Massachusetts police arrested a woman they said threw a cup of iced coffee at a sleeping 2-year-old boy in a road rage incident.
Emma Silva, 20, of Marstons Mill, Mass., was charged with assaulting a child with a dangerous weapon and negligent operation of a vehicle.
Barnstable police said the boy’s mother reported the road rage incident, which happened Wednesday afternoon on Cape Cod.
They said she told police “another woman operating a white Jeep Liberty was ‘riding her bumper’ and ‘laying on her horn’ while yelling at her.”
She said the suspect “threw a cup of iced coffee into her vehicle, striking her sleeping 2-year-old son in the face while he was seated in the rear of her car in his child safety seat,” police said.
The cup bloodied the boy’s face and nose, according to police.
Police said a short time later an officer made contact with Silva and she agreed to come to the police station. She was arrested after the boy’s mother identified her.
Silva was arraigned in Barnstable District Court Thursday morning, and released on $540 bail and is due back in court on Nov. 4.
AG Letitia James recommends NYPD no longer conduct traffic stops
The New York State Attorney General will not be filing charges against an NYPD sergeant for a 2019 police-involved shooting death but did recommend cops no longer arrest people during traffic stops if they have certain open warrants, an AG report released Friday states.
The report, completed by AG Letitia James’ Special Investigations and Prosecution Units, analyzed the death of Allan Feliz, 31, who was shot by Sgt. Jonathan Rivera during an October 2019 traffic stop in the Bronx.
Feliz had been pulled over for allegedly not wearing a seatbelt but instead of handing over his own ID when cops asked, he gave his brother’s license. The sibling had three open warrants for littering, spitting and disorderly conduct, which are all violations and not crimes.
Feliz was asked to step out of the car, but he soon got back into the vehicle and attempted to drive away, sending Rivera jumping into the vehicle from the passenger side.
Feliz refused to surrender to police and continued to try to drive the car away, eventually leading Rivera to discharge his weapon when he thought his partner had been run over, the report states.
The AG found no reason to charge Rivera but did say car stops such as the one with Feliz shouldn’t be performed by officers because “the vast majority of traffic stops — including this one — do not involve criminal conduct, yet the involvement of police in such situations can result in violent interactions.”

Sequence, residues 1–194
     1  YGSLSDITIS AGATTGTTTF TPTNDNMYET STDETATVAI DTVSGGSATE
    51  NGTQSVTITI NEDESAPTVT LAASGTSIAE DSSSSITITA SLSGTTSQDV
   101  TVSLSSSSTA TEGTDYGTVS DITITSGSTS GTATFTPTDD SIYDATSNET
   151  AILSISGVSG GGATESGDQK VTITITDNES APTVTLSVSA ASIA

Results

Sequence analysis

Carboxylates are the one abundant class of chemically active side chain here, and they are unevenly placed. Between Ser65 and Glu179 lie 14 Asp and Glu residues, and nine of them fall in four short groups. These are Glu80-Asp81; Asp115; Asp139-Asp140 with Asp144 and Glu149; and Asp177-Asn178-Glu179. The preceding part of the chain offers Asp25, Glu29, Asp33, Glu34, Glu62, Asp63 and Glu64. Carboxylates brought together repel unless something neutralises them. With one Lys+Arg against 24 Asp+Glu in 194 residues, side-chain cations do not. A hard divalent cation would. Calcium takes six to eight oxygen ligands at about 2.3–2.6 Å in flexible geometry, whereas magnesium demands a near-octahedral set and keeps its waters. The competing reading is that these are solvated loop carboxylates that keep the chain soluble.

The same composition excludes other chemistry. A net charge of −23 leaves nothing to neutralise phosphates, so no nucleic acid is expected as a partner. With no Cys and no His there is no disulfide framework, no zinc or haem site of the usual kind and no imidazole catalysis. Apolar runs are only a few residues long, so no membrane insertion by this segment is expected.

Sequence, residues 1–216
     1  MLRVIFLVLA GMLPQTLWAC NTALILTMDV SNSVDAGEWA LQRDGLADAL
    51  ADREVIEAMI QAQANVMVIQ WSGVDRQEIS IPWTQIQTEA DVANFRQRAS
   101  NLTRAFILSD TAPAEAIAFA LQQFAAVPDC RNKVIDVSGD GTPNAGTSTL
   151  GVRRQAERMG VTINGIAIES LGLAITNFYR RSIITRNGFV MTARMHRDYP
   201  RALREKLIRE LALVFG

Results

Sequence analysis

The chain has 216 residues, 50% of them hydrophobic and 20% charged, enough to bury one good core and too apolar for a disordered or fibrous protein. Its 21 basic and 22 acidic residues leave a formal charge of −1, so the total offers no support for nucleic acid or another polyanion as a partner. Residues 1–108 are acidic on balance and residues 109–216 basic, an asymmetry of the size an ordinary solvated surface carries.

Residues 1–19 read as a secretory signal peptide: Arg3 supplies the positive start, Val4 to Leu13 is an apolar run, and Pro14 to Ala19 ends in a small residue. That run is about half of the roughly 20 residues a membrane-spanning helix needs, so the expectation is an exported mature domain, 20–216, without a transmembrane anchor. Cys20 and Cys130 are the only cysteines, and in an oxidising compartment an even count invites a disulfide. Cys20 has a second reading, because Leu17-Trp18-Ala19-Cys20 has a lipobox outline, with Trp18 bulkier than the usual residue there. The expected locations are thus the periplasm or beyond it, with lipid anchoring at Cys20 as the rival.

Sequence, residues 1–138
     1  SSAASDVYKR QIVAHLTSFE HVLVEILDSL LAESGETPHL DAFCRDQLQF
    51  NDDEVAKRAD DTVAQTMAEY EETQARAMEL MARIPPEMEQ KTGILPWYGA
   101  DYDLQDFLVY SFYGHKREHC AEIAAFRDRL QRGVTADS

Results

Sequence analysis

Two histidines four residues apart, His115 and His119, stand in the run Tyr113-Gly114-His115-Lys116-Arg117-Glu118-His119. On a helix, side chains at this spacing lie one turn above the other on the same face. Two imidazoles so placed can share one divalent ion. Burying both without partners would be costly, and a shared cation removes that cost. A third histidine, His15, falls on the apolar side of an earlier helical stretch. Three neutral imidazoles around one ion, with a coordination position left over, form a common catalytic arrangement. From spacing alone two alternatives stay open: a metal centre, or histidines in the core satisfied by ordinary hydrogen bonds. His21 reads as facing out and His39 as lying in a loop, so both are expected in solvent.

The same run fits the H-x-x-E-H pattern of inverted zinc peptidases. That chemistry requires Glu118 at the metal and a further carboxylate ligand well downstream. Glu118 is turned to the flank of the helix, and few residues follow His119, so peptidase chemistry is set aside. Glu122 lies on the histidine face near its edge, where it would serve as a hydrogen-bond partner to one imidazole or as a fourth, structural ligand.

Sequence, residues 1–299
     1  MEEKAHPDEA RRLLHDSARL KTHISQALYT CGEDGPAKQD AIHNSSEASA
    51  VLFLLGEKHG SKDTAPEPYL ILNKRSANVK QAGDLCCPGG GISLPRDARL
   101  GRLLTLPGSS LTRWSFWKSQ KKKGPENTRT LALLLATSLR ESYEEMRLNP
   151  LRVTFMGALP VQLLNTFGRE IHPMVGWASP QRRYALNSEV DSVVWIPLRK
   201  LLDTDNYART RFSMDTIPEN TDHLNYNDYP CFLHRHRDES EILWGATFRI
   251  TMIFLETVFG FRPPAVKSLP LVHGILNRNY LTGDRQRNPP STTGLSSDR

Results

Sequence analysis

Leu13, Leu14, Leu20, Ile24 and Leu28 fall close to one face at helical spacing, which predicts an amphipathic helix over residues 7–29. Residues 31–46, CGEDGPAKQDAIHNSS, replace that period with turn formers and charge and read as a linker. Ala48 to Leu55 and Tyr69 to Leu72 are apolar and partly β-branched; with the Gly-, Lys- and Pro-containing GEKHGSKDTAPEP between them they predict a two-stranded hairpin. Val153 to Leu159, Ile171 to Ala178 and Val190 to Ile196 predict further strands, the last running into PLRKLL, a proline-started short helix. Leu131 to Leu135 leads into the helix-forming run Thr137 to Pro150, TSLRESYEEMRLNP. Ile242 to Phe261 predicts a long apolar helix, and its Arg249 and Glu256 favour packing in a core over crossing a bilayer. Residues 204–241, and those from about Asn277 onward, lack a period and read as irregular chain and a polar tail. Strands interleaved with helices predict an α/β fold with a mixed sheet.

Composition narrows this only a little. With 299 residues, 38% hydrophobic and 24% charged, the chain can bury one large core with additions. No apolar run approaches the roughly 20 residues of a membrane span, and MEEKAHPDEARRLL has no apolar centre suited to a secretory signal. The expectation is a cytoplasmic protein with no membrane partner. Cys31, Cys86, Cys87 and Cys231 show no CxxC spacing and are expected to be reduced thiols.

“The report also highlighted studies demonstrating disparities in the use of force during traffic stops against Black and Latino men. The untimely death of Mr. Feliz further underscores the need for this change,” the report continues.
If the NYPD does decide to continue conducting traffic enforcement stops, the AG said officers should not arrest motorists who have low-level warrants, such as a failure to appear on a summons or bench warrants for violations like littering.
“The OAG believes that such a policy properly balances the risks to the community and the public interest in avoiding unnecessary arrests during car stops. In addition, the OAG encourages state lawmakers to consider whether this issue might also be more fully addressed through legislation,” the report states.
“It is highly unlikely that the incident involving Mr. Feliz – whose warrants (Sammy Feliz warrants) were for the violations/offenses of spitting, littering, and disorderly conduct – would have escalated in the manner it did in the absence of this automatic arrest policy.”
However, following a search of Feliz’s car after his death, police found over nine grams of cocaine and 1.3 grams of methamphetamines in tablet form and determined he was on parole for a previous federal offense, the report states.
“Because Mr. Feliz was under federal parole supervision at the time of the incident, possession of these controlled substances would likely have violated the conditions of his release and, if convicted for possession of one or more felonies, subjected him to a mandatory New York State prison sentence.”
James called Feliz’s death a “tragedy” and said her office is “gravely concerned” by the actions of Rivera and the other responding officers.